Alms and Almsgiving (in the Bible)

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A religious act, inspired by compassion and a desire for justice, whereby an individual who possesses the economic means helps in a material way his less fortunate neighbor. In the earlier history of Israel when society was predominantly seminomadic and all members were more or less economically equal, there was no need of almsgiving. But with the possession of landed property, the growth of aristocracy, and the centralization of government, a large mass of debt-ridden farmers arose in contrast to a small urban nobility. Such a society offended the ideal of social justice that the covenant of Yahweh demanded. Hence, the Prophets, beginning with Amos, denounced oppression of the poor (Am 5.1112, 24; 8.4; Is 10.2; Mi 2.2) and vigorously demanded social justice (Am 5.24).

Throughout the Old Testament the notion of alms (concrete aid given the poor) is understood primarily in the context of justice; just as Yahweh acts with justice, so, too, must his worshipers. The Hebrew word for alms, edāqâ, means justice or righteousness; giving to the poor helps reestablish the right order; it produces justice. To return to the poor man his pledged cloak at nightfall that he may sleep in comfort is justice (ādāqâ ) before Yahweh (Dt 24.13). Mindful of the poor, the Law prescribed that the land should lie fallow every 7th year (Ex 23.11) and that the gleanings from the harvest should be left for the poor in the field and vineyard (Lv 19.910; 23.22; see also Ru 2.28). After the Exile there was a growing emphasis on the religious nature of personal almsgiving. Job, in his plea of a clean conscience, asserts that his reverence for God prompted him to give food, clothing, and shelter to the needy (Jb 31.1623). Alms purge away sin, deliver from death (Tb 12.9; see also Dn 4.24), and bring God's favor on the giver (Tb 4.7); on the other hand, refusing alms to the poor brings a just retribution (Prv 21.13) because God, who created the poor man, too, will hear the latter's cry (Sir 4.16).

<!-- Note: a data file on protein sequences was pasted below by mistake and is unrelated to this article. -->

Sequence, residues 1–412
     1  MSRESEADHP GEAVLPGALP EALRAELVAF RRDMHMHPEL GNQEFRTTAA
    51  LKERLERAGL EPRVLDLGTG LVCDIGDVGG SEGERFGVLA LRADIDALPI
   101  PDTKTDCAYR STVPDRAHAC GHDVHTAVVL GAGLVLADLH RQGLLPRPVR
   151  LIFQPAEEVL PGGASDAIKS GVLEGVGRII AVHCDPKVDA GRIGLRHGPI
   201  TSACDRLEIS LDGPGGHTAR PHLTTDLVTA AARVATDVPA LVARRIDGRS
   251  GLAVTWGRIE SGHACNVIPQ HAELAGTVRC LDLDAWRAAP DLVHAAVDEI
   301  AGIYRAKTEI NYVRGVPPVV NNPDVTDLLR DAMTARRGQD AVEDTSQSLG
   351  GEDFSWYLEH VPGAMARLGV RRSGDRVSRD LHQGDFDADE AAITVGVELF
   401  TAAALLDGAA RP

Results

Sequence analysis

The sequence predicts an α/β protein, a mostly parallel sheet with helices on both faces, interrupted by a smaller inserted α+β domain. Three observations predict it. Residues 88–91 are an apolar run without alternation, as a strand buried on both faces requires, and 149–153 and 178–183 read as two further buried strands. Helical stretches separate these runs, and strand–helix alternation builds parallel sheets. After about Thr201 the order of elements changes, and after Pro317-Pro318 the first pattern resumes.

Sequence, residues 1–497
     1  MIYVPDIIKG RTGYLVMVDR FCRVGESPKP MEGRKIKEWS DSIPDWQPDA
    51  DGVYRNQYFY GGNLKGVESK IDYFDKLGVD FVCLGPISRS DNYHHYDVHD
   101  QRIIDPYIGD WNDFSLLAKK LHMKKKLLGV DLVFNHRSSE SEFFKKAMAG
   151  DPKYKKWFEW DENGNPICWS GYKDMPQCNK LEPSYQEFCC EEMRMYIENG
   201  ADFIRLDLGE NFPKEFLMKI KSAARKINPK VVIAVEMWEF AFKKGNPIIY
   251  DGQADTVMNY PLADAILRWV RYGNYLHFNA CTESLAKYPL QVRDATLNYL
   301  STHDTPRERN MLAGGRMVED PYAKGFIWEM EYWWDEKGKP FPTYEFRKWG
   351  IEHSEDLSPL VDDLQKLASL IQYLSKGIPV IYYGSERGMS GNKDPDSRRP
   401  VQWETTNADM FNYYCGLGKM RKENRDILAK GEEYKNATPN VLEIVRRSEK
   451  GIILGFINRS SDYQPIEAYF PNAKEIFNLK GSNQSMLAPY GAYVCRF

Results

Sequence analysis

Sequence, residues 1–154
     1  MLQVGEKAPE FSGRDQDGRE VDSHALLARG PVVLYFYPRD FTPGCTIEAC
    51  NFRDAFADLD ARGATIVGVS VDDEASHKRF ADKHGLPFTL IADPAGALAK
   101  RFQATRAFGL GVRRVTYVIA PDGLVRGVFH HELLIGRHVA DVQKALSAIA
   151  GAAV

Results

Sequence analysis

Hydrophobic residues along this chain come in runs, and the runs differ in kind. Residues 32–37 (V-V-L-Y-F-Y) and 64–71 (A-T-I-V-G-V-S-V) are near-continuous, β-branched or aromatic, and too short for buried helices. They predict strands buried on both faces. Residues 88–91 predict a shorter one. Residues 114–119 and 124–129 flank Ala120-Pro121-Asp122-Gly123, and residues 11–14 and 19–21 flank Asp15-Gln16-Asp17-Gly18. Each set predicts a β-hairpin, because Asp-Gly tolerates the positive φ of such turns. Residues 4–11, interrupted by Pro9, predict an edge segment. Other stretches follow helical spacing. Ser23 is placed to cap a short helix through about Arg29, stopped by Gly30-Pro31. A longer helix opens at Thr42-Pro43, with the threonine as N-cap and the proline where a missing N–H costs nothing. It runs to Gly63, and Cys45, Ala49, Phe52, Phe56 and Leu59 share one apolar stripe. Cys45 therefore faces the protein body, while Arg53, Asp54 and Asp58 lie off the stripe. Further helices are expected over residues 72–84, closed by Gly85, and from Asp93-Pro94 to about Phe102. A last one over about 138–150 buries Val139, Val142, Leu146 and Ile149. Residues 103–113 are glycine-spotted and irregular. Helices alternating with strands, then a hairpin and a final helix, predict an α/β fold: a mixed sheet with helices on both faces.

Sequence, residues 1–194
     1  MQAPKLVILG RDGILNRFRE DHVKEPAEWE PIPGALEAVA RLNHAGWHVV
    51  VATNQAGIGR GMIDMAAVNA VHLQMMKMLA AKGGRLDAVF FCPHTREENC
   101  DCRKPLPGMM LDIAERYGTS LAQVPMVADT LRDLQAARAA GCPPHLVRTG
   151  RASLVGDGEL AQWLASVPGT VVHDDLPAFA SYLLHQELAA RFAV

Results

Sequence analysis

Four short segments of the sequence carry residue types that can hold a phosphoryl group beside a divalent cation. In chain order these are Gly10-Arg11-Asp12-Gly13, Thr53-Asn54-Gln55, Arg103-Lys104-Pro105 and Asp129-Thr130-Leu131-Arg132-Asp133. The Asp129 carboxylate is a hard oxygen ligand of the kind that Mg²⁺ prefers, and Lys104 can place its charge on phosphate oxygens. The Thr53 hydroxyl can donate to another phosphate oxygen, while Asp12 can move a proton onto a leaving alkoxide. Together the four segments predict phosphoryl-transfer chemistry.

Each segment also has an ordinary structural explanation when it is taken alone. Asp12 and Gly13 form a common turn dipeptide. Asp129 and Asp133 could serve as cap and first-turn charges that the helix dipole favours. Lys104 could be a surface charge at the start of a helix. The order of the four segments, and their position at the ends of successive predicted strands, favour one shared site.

In the New Testament almsgiving is considered primarily as an act of religion springing from love and compassion; its note of social justice also is alluded to, especially in the writings of St. Luke and in the Epistle of James. Jesus enjoins unostentatious almsgiving, together with prayer and fasting, as one of the pillars of the religious life (Mt 6.12, 5, 16, 19). It merits a heavenly reward (Mt 6.4, 20; 19.2729; 25.40; Lk 12.33; 16.19) and makes the donor a true son of the Most High (Lk 6.35). Luke's writings, in particular, commend almsgiving; he alone relates the stories of Zachaeus, a chief tax collector, who gave half his possessions to the poor (Lk 19.110), of the Baptist's advice to share food and clothing with the needy (Lk 3.11), and of Christ's advice to lend money without thought of return (Lk 6.35). Luke also takes the opportunity of relating that Paul worked with his hands to provide for the needs of others as well as his own (Acts 18.3; 20.3435). St. Paul organized collections for the poor (Rom 15.2528; 1 Cor 16.1; 2 Cor 89), in order not only to alleviate want, but to break down prejudices between Jew and Gentile and to knit the members of Christ into a community of good will. According to St. James, true religion demands that those in the Christian community who possess the means should help their needy brethren (Jas 1.27; 2.1417; see also 1 Jn 3.17; 1 Pt 4.810).

Bibliography: Encyclopedic Dictionary of the Bible, tr. and adap. by l. hartman (New York, 1963), from a. van den born, Bijbels Woordenboek 5556. g. a. buttrick, ed., The Interpreters' Bible, 4 v. (Nashville 1962) 1:8788. o. cone, Rich and Poor in the New Testament (New York 1902). r. bultmann, "[symbol omitted]λεημοσύνη," g. kittel, Theologisches Wörterbuch zum Neuen Testament (Stuttgart 1935) 2:48283. h. j. cadbury, The Making of LukeActs (2d ed. London 1958) 26063.

[m. rodrÍguez]